Consumer Confidence Drops in Australia

A quarterly survey has found that more than one third of Australians rate the country’s economy as “poor”, up from 25% in September.

Choice said it found that 32% of consumers surveyed thought the economy was “either fairly or very poor”.

It also found that consumers were most anxious about their electricity bills.

Following concern about the cost of electricity, the survey showed that the cost of food and groceries was next on their list of concerns at 78%.

“This no doubt reflects the gloomy economic news of recent weeks, with the release of weaker than expected growth figures and discussion of an ‘income recession’,” said the chief executive of Choice, Alan Kirkland.

Worries about university fees climbed from 31% in September to 38% in December, with the survey finding that 87% of students were worried about those costs.

One of the biggest concerns though for Australians was government spending cuts, the survey showed.

“What’s concerning about these figures is they come on the back of declining business confidence and declining consumer confidence figures,” Mr Kirkland told the Australia Broadcasting Corporation.

One brighter note showed that fewer Australians said their overall bills were increasing, with 83% citing this concern compared to 87% in the previous quarter.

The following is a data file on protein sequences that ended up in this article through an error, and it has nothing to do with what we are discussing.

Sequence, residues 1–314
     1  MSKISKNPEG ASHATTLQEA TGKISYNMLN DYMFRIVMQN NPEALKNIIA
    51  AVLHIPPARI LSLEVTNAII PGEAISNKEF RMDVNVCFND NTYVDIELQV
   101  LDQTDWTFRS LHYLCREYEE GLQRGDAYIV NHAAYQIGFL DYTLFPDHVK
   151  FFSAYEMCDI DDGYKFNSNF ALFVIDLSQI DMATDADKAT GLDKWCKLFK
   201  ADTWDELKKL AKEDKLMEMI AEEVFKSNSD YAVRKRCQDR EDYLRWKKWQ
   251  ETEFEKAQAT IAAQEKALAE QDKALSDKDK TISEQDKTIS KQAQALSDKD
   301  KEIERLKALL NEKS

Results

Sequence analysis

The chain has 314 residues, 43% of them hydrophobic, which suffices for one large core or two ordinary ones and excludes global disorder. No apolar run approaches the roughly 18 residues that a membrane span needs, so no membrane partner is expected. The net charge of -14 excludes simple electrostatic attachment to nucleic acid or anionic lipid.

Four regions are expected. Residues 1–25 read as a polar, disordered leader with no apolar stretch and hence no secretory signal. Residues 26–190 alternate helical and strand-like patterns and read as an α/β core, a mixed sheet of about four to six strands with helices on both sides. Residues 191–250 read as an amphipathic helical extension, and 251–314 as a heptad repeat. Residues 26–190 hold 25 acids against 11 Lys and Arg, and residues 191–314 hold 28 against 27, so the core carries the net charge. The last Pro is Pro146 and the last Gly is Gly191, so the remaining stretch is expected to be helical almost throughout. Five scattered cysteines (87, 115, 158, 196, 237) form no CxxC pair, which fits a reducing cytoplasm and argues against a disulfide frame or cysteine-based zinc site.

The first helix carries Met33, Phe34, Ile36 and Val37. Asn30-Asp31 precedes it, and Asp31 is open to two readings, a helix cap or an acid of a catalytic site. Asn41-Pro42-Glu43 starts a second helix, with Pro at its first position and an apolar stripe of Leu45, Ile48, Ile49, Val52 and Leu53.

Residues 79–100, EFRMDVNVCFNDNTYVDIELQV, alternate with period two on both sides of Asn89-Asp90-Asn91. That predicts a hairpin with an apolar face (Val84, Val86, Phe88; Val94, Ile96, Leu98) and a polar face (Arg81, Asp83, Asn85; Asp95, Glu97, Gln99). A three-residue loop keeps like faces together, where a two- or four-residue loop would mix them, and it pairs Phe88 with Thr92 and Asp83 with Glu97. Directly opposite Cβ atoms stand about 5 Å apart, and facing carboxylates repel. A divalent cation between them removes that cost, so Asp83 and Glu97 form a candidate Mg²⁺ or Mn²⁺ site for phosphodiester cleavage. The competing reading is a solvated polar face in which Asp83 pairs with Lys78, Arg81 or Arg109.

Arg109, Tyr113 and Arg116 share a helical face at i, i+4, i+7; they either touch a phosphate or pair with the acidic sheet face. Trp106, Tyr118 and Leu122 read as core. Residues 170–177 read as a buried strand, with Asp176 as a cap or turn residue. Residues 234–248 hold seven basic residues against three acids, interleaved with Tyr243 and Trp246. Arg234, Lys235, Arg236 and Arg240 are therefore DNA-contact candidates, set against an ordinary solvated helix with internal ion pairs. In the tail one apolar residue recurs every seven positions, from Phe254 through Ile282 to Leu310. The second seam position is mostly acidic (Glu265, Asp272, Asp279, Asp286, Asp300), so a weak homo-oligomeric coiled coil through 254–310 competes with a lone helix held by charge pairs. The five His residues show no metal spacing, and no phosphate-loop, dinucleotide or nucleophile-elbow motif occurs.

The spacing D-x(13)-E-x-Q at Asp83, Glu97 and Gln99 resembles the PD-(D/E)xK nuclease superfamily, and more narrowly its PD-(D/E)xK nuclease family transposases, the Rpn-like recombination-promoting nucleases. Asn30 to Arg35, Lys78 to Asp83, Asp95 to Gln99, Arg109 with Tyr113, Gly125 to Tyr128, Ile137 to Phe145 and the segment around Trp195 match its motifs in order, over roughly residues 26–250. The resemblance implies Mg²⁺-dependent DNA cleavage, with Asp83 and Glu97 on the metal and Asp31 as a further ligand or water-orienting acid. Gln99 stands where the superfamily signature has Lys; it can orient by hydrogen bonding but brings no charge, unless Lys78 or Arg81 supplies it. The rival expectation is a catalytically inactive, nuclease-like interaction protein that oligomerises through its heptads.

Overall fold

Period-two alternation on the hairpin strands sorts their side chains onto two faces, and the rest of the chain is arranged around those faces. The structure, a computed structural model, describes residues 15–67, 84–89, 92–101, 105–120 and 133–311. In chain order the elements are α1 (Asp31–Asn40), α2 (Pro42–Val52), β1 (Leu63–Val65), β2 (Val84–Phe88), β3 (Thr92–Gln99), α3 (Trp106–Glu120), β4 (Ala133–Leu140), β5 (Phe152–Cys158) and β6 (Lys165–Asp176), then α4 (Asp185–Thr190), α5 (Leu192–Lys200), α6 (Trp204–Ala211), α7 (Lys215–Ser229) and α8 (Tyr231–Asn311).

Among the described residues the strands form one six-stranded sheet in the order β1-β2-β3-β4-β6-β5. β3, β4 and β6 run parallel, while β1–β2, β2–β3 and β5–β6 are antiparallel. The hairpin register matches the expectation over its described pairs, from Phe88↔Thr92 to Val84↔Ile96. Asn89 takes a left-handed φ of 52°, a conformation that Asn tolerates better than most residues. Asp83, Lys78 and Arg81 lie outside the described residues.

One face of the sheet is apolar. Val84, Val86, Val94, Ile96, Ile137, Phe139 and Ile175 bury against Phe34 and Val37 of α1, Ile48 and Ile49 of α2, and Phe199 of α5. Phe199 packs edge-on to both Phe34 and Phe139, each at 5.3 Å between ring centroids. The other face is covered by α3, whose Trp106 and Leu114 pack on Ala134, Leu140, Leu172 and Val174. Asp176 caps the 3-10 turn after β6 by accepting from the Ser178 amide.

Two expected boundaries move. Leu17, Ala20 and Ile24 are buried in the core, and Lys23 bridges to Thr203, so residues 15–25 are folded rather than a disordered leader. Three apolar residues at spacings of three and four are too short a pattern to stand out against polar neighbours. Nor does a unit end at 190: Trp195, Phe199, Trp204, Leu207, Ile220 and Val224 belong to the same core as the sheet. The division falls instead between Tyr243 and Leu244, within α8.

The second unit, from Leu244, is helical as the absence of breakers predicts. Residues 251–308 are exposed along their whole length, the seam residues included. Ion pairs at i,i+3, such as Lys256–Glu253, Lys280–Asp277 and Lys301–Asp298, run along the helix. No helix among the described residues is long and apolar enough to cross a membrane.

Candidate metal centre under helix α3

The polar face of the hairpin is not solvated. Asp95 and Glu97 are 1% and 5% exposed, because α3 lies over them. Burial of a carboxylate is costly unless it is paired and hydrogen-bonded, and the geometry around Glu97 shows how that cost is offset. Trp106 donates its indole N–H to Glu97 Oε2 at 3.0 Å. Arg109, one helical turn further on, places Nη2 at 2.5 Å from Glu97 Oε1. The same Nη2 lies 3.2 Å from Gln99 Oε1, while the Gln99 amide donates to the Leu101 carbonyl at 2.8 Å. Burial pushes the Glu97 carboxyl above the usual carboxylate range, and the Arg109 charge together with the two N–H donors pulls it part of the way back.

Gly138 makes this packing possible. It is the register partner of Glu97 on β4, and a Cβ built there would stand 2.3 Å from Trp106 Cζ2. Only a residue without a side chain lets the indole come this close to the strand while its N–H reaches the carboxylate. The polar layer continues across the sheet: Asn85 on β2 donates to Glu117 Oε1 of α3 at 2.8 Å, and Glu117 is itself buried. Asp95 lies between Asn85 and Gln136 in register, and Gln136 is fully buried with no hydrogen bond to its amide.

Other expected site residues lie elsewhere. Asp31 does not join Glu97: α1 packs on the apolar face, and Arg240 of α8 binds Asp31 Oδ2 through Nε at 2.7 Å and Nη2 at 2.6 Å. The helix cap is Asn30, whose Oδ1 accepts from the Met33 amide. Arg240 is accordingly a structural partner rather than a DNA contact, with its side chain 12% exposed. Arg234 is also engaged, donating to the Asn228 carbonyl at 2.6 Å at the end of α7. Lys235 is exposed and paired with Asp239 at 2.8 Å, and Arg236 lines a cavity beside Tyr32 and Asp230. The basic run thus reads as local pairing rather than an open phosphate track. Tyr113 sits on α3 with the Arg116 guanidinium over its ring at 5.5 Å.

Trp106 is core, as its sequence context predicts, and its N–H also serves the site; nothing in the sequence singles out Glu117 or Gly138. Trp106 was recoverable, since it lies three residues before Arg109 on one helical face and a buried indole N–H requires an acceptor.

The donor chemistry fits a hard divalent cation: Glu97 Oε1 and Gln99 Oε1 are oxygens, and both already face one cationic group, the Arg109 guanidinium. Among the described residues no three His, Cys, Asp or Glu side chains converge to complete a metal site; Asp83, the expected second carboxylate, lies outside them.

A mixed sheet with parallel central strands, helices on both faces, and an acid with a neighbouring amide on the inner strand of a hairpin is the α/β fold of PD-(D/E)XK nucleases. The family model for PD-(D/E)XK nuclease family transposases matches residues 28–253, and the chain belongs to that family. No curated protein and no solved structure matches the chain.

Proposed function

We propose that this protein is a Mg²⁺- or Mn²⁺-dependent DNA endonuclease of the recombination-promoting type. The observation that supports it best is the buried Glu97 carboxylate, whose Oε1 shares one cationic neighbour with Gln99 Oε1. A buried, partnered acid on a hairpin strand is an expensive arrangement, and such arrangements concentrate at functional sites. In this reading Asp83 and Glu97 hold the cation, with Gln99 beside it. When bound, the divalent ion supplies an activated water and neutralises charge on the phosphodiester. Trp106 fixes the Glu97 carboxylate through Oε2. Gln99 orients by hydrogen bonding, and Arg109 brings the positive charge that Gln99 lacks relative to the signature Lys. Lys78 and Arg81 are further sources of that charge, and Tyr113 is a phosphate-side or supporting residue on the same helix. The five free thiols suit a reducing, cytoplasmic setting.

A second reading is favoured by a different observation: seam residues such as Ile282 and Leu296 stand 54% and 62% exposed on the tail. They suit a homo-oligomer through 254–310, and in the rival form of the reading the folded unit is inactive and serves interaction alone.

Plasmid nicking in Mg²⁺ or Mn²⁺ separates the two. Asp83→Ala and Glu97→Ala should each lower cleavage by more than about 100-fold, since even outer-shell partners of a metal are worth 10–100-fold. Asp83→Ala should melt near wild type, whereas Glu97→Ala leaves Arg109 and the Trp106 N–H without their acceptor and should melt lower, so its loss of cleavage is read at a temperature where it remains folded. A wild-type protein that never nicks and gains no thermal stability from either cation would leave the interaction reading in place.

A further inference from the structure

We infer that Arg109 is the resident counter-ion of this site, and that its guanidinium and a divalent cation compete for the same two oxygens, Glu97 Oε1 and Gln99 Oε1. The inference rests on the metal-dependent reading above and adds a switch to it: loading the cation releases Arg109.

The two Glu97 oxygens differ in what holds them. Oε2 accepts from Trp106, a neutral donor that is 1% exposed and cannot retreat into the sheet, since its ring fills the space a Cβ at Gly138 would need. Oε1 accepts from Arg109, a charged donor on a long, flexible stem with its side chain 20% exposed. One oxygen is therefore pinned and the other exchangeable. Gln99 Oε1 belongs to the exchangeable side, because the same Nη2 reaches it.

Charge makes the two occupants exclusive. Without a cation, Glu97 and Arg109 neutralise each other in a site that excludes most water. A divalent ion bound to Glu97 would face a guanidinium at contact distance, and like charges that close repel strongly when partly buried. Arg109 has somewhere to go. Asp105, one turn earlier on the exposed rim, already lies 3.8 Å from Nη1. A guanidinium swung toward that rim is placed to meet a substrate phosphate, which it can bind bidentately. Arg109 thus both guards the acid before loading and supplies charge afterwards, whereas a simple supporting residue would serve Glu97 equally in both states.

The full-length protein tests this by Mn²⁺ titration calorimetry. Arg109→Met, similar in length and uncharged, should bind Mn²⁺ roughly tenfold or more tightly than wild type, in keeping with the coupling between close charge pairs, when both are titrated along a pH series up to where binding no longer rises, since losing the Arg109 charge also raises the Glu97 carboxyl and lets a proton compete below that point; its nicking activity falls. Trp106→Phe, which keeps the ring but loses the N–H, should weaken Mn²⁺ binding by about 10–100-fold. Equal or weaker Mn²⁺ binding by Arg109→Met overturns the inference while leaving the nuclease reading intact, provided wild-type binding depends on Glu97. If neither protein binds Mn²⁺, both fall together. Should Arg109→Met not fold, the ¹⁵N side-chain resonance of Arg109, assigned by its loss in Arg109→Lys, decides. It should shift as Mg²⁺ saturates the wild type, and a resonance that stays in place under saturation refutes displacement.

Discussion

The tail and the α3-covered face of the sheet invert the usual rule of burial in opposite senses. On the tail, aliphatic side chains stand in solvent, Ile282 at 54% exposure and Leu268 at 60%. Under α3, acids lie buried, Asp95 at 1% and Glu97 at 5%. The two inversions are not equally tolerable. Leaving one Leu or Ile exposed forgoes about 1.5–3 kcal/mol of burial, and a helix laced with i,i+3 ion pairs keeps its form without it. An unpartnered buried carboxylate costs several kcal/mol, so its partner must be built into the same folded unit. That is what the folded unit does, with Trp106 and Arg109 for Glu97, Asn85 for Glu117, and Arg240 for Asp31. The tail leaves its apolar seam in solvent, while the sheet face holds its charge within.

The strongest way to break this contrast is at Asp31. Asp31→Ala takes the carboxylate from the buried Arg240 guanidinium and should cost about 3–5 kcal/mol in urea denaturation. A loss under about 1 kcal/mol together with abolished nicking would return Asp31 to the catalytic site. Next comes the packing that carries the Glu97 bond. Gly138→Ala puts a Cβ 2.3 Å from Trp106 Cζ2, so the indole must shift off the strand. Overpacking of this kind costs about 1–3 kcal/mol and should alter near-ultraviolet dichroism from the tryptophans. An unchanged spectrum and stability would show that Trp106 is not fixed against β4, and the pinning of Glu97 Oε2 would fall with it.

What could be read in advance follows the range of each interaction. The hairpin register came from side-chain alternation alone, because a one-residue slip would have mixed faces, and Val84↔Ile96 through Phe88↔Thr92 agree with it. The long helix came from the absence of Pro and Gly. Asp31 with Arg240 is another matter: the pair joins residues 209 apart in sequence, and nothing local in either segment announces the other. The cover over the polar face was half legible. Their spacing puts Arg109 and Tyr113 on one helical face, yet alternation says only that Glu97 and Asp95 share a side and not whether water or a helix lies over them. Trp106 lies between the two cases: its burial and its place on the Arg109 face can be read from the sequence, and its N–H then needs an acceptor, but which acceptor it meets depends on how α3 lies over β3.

via BBC

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Alfonso Esparza

Alfonso Esparza

Senior Currency Analyst at Market Pulse
Alfonso Esparza specializes in macro forex strategies for North American and major currency pairs. Upon joining OANDA in 2007, Alfonso Esparza established the MarketPulseFX blog and he has since written extensively about central banks and global economic and political trends. Alfonso has also worked as a professional currency trader focused on North America and emerging markets. He has been published by The MarketWatch, Reuters, the Wall Street Journal and The Globe and Mail, and he also appears regularly as a guest commentator on networks including Bloomberg and BNN. He holds a finance degree from the Monterrey Institute of Technology and Higher Education (ITESM) and an MBA with a specialization on financial engineering and marketing from the University of Toronto.
Alfonso Esparza